As part of your due diligence, you will review the tax returns and income statements for the business, but these documents will not give a complete picture of what the franchise owner actually takes from the business.  What the owner takes out of the business is called Seller’s Discretionary Earnings (SDE).  For example, retirement contributions, health or disability insurance, personal vehicle expenses, etc.

A “for sale by owner” franchisee may not provide this information, so asking questions about discretionary expenses that are run through the business will give you a better understanding of the true benefit the owner is receiving from the business.


4. Research the franchisor. 

As you may already know, buying a franchise involves another “partner” whom you must trust, understand, and work with.  As a new franchisee, you will rely heavily on the training, culture, system, and vision that the franchisor provides, even if you are buying an existing franchise operation.  The seller may not accurately depict or embrace these important factors, yet it is essential to understand what the franchisor requires and offers.  

Make sure you understand what the seller has disclosed to the franchisor about their plans before you discuss anything specific with the franchisor.  Also, be aware that the franchisor may guide you down a path to purchase a new franchise rather than the existing franchise you desire.  In some cases, a new territory could be a better opportunity, however, don’t jeopardize the deal you are considering unless you have heavily weighed the decision.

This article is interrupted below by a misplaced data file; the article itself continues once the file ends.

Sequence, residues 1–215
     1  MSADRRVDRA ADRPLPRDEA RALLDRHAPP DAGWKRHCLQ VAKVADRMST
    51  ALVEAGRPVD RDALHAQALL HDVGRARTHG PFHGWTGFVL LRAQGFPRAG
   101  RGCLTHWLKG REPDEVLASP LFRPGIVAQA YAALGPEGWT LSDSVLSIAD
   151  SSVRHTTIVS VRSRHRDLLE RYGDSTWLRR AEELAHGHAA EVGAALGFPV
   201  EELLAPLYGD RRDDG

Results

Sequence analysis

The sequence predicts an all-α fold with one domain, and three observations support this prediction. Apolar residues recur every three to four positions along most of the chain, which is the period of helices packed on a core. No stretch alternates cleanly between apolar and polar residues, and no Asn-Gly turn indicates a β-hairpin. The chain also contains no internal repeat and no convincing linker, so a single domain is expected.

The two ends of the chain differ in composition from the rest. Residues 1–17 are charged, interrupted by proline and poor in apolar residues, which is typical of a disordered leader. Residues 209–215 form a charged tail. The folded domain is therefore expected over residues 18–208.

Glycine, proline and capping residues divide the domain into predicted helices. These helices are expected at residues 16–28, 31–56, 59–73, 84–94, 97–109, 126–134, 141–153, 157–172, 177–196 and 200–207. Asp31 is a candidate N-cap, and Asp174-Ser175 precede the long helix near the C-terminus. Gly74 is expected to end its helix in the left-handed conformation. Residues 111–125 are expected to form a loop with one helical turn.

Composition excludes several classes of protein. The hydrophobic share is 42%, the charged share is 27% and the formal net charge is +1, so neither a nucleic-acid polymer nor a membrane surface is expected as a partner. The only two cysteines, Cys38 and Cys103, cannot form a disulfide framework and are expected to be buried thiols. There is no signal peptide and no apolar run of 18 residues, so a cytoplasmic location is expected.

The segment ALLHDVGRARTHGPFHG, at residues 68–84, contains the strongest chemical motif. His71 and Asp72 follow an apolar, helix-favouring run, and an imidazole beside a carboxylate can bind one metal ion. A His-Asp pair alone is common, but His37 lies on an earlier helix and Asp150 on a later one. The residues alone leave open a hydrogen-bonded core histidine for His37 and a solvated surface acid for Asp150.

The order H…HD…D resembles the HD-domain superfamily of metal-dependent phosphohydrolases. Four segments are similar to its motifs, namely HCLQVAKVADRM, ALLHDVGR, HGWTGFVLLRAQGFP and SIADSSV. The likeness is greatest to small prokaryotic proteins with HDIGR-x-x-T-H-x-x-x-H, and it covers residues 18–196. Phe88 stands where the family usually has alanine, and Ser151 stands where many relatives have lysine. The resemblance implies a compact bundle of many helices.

5. Complete proper due diligence. 

If you buy a for sale by owner franchise, you will likely not have a schedule or checklist of important due diligence items.  A good franchisor may provide some assistance and guidance, and they can usually help to validate some important key metrics for the business, but you will need to make sure you don’t overlook important due diligence items before you close on the business.  Many items need to be reviewed and verified such as tax returns, income statements, balance sheets, payroll reports, employee agreements, franchise agreement, lease agreement, customer lists and contracts, and more.  There should be an agreed upon timeline in which these items are provided to you by the seller and a deadline for you to review and accept or reject them so that the deal can progress towards a successful closing.


6. Hire professional help as necessary. 

Just because the seller has chosen to sell their franchise on their own it doesn’t mean you should not, or cannot, hire your own professional help.  The franchisor will be involved, and can assist in getting the transfer done, but it may still be in your best interest to hire a buyer’s agent (broker) to represent you, or hire a lawyer to draw up the purchase agreement and review other documents. 

Of course, this comes at an expense, and not every deal will require it, but making sure the deal is done properly and fairly is important.  It is better to pay a broker and/or lawyer to help you do the deal right than it is to save a few dollars and not do the deal properly.

Whether you find yourself in the process of buying a franchise for sale by owner or you are buying a franchise marketed by a business broker, it is important to know and follow these 6 important tips.  They will help guide you to completing a successful transaction.

Franchise Flippers is the leading resource for buying, building, and selling existing franchises.  Franchise Flippers also hosts the largest exclusive franchise resale marketplace where you can find or sell your franchise resale.  Check Franchise Flippers out at